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USA v Honduras, 2022 World Cup qualifying: What we learned

A tale of 2 halves.

Honduras v USA - Concacaf 2022 FIFA World Cup Qualifiers Photo by Brad Smith/ISI Photos/Getty Images

The USMNT went down to Honduras last night and managed to respond after falling behind in the 1st half, scoring 4 in the 2nd to win 4-1. This puts the United States in a tie for 2nd in the Octagonal standings. What can we take from this wild match?

A Tale of Two Halves

In the What we Learned piece for the Canada match, I talked about how I didn’t think the Klinsmann/Berhalter comparison for the first two qualifying matches worked. Well, here’s a comparison that I think works a lot better. In an important 2016 qualifier, Klinsmann stuck his team into an unfamiliar formation with a back 3. After conceding a goal, Klinsmann was forced to adjust back to a more familiar formation to try and get back into the game.

Similarly, last night, Berhalter stuck his team into an unfamiliar formation with a back 3. After conceding a goal, Berhalter was forced to adjust back to a more familiar formation to try and get back into the game.

Yeah, those look really freaking similar to me. And that is really, really bad. Given the context, I didn’t think this match versus Honduras was a must-win. As it turned out, if the U.S. had merely gotten a draw, they still would have been in 4th (the playoff spot) and behind only the teams that got two home matches in the round (and Mexico). A loss would have been a serious setback, but would have left the team just one win out of the qualifying places.

Still, the problem of that first half wasn’t merely the result. It was the manner of play, the total disconnect between the defense and midfield, and the way the team seemed to be pulling itself apart. At halftime, I thought the USMNT would be lucky to see the game out 2-0 with how they were playing. People were calling for Berhalter’s job. Someone even tweeted at me with one of my own articles that suggested sacking Berhalter two years ago. And, frankly, that was deserved. If a coach is going to go and create a situation where he needs a result, and then tinker in a way that makes the team look terrible, then, yeah, that coach should be sacked.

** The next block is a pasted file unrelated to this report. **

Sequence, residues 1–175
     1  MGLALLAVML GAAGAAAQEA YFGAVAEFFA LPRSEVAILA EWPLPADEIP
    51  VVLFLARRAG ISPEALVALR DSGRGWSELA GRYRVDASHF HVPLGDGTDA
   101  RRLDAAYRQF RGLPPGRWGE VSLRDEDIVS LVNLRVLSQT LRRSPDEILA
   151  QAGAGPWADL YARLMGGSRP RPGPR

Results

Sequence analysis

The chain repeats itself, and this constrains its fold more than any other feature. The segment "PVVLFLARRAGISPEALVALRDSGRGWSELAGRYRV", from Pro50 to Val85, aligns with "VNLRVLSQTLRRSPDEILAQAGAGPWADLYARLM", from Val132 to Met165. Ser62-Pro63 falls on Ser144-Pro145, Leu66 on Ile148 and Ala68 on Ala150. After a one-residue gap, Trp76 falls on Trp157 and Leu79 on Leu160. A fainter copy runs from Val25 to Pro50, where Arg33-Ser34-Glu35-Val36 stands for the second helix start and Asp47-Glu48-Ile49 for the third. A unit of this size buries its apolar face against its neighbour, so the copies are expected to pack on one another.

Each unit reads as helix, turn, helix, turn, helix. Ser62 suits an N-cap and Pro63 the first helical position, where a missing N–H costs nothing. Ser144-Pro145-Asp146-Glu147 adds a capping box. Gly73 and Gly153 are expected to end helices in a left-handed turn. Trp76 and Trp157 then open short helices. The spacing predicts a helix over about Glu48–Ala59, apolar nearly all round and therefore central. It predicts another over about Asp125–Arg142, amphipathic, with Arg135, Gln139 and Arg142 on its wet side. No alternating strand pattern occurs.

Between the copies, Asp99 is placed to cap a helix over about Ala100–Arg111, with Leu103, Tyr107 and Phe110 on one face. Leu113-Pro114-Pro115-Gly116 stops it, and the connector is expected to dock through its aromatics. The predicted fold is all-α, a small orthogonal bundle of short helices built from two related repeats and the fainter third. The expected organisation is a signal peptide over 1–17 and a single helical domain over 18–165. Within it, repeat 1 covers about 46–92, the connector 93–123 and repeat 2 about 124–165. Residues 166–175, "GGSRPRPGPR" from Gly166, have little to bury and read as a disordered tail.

The difference between Klinsmann and Berhalter is that, after Berhalter made his changes, the team went and actually won the game. While the first half was an abject mess, the second half put up the most dominant display I’ve seen from the USMNT while playing in Central America in the final round of World Cup qualifying. The change in formation and the substitutes that entered the match brought a new life to the team, and they almost immediately equalized. From there, they stymied an increasingly desperate Honduras, before getting three opportunistic goals. Over the course of the half, the U.S. got back into the game, tightened up their defense, scored four goals, and completely demoralized the opposition. It was an incredible — and frankly unforeseen — turnaround. And Berhalter should get credit for that.

I will focus on two problems from the first half that Berhalter successfully addressed.

  1. The three-man backline and John Brooks
  2. A lack of aggressive vertical play

Odd Man Out

Here’s the goal that Honduras scored.

Unfortunately, it doesn’t give the build-up play, so you can’t quite see how Brooks reacted during the build up. Ahead of the goal, Honduras had the ball was trying to build up play through possession. They played the ball back to their backline, before playing it to their man between the American Defensive and Midfield lines. At this point, Miles Robinson, Brooks, Mark McKenzie, and George Bello are all back on defense, forming a defensive line of 4. As the ball is played in midfield, they have a choice: either the entire line steps up and a defender challenges for the ball, or everyone steps back and screens the goal, letting the midfield challenge for the ball. Here, Brooks steps up, while everyone else steps back. Brooks does not win the ball. The ball is played to Diego Rodríguez on the left. Rodríguez puts in a cross and Brayan Moya scores from the place where Brooks should have been. Because Brooks aggressively stepped forward and didn’t win the ball, he was out of position for the cross.

As it turned out, that was just one example of Brooks playing overaggressively. He repeatedly got sucked into midfield to challenge for a duel or close down an attacker, only for Honduras to target the space he vacated.

Fixing this problem required taking Brooks out and adjusting the formation so that there were more bodies in midfield. With Sebastian Lletget in midfield alongside Kellyn Acosta and James Sands, now the American midfield could more easily challenge for the ball and screen the defense. The midfield looked even more solid when Sands (who had a shockingly poor night) was substituted and Tyler Adams shifted over.

Attack the Space